In addition to using vacuums to remove concrete dust, proper cutting methods and tools can make a major impact in the prevention of airborne silica dust. Recent studies have shown that wet concrete cutting can drastically reduce the levels of respirable silica dust in a worker’s environment. Water-fed control equipment is useful in cutting concrete without dust, and it is especially helpful in the grinding and polishing of concrete, as well as the cutting of materials with abrasive wheels.
Wet grinding tools and saws use a constant supply of water to grind and cut. These tools may include a spout or nozzle that directs a jet of water to the grinding wheel, or a helper can apply water by hand with a spray nozzle. Water-fed grinders can provide concrete dust control on uneven surfaces and around edges and corners, which pose problems for vacuum dust collection equipment.
Work Practice Adjustments to Reduce Silica Dust Exposure
There are many steps that contractors can take to reduce concrete dust exposure and to keep employees safe:
- Use a smaller cutting wheel and the least aggressive tool for the job. Large and aggressive wheels tend to result in more dust and higher silica exposure rates.
- Minimize the amount of fine grinding. For example, when materials are removed by chipping instead of grinding, less dust is created. Use a chisel, hammer, or power chipping tool to remove as much material as possible before using a grinder for surface smoothing.
- Require respiratory protection. If wet grinding isn’t an option and silica exposures can’t be reduced within OSHA’s permissible exposure limit, construction workers will need proper respiratory protection. If respirators are required, employers must implement a respiratory protection program in accordance with OSHA’s standard for respiratory protection. It must include the following:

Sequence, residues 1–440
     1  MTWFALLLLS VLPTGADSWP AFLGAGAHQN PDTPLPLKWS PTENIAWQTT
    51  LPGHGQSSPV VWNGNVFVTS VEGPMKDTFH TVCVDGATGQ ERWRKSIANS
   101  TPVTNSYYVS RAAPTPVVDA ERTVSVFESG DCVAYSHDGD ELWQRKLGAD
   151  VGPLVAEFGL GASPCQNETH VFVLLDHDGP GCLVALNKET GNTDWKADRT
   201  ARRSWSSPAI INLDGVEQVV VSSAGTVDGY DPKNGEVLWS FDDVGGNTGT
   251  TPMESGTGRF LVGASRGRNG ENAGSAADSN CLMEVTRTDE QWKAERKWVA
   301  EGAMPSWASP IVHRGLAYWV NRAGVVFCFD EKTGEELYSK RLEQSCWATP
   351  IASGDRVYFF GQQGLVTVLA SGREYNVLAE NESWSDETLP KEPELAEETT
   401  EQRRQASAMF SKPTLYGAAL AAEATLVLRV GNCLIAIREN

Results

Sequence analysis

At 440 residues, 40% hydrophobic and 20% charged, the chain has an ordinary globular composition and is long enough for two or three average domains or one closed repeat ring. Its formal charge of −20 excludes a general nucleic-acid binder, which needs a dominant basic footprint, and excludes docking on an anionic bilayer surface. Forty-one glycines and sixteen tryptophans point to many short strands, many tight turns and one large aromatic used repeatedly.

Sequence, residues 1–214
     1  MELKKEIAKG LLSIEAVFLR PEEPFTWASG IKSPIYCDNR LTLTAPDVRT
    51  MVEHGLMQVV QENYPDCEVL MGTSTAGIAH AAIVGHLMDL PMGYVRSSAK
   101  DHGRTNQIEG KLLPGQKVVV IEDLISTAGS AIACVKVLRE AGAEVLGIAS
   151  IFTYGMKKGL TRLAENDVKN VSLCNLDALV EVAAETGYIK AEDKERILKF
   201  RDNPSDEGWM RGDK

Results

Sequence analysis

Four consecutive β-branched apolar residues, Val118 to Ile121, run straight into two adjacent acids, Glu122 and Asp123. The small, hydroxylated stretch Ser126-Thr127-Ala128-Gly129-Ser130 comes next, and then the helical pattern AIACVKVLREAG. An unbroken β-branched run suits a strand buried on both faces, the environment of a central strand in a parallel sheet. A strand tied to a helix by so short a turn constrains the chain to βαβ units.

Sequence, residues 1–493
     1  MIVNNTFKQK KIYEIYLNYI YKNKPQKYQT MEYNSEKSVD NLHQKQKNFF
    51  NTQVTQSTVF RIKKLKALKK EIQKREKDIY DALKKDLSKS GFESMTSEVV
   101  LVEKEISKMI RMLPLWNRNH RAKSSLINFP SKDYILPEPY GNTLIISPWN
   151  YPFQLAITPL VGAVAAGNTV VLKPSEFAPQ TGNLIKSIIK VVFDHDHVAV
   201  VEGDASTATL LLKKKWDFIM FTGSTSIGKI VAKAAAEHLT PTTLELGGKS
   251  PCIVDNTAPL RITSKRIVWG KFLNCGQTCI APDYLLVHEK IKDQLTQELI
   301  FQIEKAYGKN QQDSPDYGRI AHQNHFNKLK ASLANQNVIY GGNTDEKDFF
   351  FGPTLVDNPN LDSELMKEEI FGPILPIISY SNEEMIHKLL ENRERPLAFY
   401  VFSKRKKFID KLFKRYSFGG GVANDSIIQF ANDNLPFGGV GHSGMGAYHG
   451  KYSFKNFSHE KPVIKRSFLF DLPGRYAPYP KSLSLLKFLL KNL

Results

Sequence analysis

- Proper respirator selection
- Fit testing
- Directions on proper respirator use, maintenance, and cleaning
- Medical evaluations of construction workers
- Prioritize electrical safety. Use ground-fault circuit interrupters (GFCIs) and watertight electrical connectors for electric tools and equipment used on construction sites. These safety features are highly important in wet or damp areas, including sites where water is used to control dust.
CS Unitec offers a variety of concrete dust control tools for sawing, drilling, surface preparation, and drilling applications. The use of these tools with our custom vacuums creates a concrete cutting system with minimal silica dust exposure. Our standard dust collection vacuums have a 99.9930% filtration efficiency, meanwhile, our HEPA vacuums have a 99.999% filtration efficiency; both above OSHA’s required filtration efficiency.
It is each company's responsibility to follow all OSHA, state and local safety regulations regarding the choice, operation and maintenance of power tools and dust collection/suppression systems. This includes tools and systems used when working with materials containing crystalline silica. For more information about OSHA's silica dust collection guidelines and regulations, visit the links below:
Call CS Unitec today at 888-240-2021 to discuss your concrete dust containment needs or to get more information about OSHA’s silica dust regulations going into effect on September 23rd, 2017.